In the world of False Claims Act (“FCA”) suits, it is easy to become focused on the money. Media stories often highlight the amount at issue in a pending case, the amount recovered in a settlement or verdict, or (and we’ve done this too) the staggering yearly figures for money diverted by fraud and money recovered by claims and investigations. Since the whistleblower, known in legal circles as “the realtor,” in a successful case shares in government’s recovery and can receive a large sum, many assume these realtors are focused on the money. As a law firm for False Claims Act whistleblowers in California, we know that nothing could be further from the truth. Public safety motivates realtors and is a key aim of many False Claims Act suits.
The Motives of Whistleblowers
When you talk to realtors, it becomes immensely clear that their moral/ethical compass led them to the role. Beyond our first-hand experience, this motive is emphasized in a study in the New England Journal of Medicine titled “Whistle-Blowers’ Experiences in Fraud Litigation against Pharmaceutical Companies.” Researchers spoke to 26 realtors, taking care to preserve confidentiality in order to encourage honest responses. All 26 said the potential financial bounty was had not motivated their participation in the suit. Instead, motives focused on four main themes: Integrity; Altruism/Public Safety; Justice; and Self-Preservation (i.e. reporting out of concern they’d later be linked to the scam).
Although such statements could be perceived as self-serving, other details support the existence of non-monetary motives. A strong majority (18 of 22) of the “inside” whistleblowers (i.e. those working for the company involved in the case) began by trying to resolve their concerns internally, actions that probably involved much risk and little chance of reward. Multiple interviewees suggested others remained silent due to financial worries, particularly fear of jeopardizing employment. Twenty of the twenty-six realtors did not seek out involvement in an FCA suit, instead they “fell into the qui tam process after seeking lawyers for other reasons (e.g., unfair employment practices) or after being encouraged to file suit by family or friends.”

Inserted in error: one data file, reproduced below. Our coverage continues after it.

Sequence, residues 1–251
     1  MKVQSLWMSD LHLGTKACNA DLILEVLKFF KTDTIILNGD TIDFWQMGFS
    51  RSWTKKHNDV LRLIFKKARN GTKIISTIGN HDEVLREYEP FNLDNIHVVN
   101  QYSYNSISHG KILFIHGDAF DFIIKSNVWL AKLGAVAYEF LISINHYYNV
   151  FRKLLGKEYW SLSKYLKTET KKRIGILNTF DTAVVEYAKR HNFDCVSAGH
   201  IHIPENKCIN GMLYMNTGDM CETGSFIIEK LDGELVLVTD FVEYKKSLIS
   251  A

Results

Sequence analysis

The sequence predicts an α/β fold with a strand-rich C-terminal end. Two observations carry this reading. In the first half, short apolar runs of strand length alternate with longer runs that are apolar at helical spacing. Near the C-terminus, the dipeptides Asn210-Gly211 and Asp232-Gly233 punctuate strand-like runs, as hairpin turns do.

The Matter of Public Safety
Concerns of public safety run throughout our legal practice at the Brod Firm including in the qui tam FCA arena. Notably, 7 of the 26 realtors cited public safety concerns, particularly those individuals who felt they had a unique understanding of the potential negative public health consequences of the conduct. Further, a focus on public safety can be seen in many pending and resolved qui tam FCA cases.
Public safety concerns are voiced in a July 2012 press release announcing the largest health care fraud settlement in the nation’s history. The release quotes the Deputy Secretary of the Department of Health and Human Services who states:
“For a long time, our health care system had been a target for cheaters who thought they could make an easy profit at the expense of public safety, taxpayers, and the millions of Americans who depend on programs like Medicare and Medicaid. But thanks to strong enforcement actions like those we have announced today, that equation is rapidly changing.”
Outside health care, public safety issues underlie a qui tam suit alleging government contract fraud with respect to changes to highway guardrail terminals. While the suit focuses on a contractual wrong, it is inextricably tied to the public safety concerns discussed on this blog last week (note: the case was dismissed for procedural reasons but is expected to be retried later this year).
Yet another testament to the public safety aims underlying False Claims Act claims can be seen in a November 2011 piece advocating for the creation of a state equivalent in Pennsylvania. “The federal, state and municipal false claims acts also promote public safety and the integrity of federal, state and local programs, in that they punish and deter, for example, life-threatening, medically unnecessary procedures, the distribution of adulterated drugs and medical devices, and substandard construction work.
A Team Effort
We are proud to partner with whistleblowers on qui tam False Claims Act cases and to participate in cases that can recover misappropriated government funds while advancing critical public safety aims. While the whistleblowers are generally motivated by ethical issues and safety concerns, they are entitled to and deserve financial compensation for their time and effort. If you are aware of fraud against the government, including health care fraud or government contracts fraud, our Northern California whistleblowers’ law firm can help you pursue a False Claims Act case. Together, we can bring an end to fraud, recover diverted funds, and protect Californians and Americans from practices that endanger us all.
(Courthouse photo by Robert Linder; Scale/Books Mural photo by Clyde Robinson of work by Jason Luper;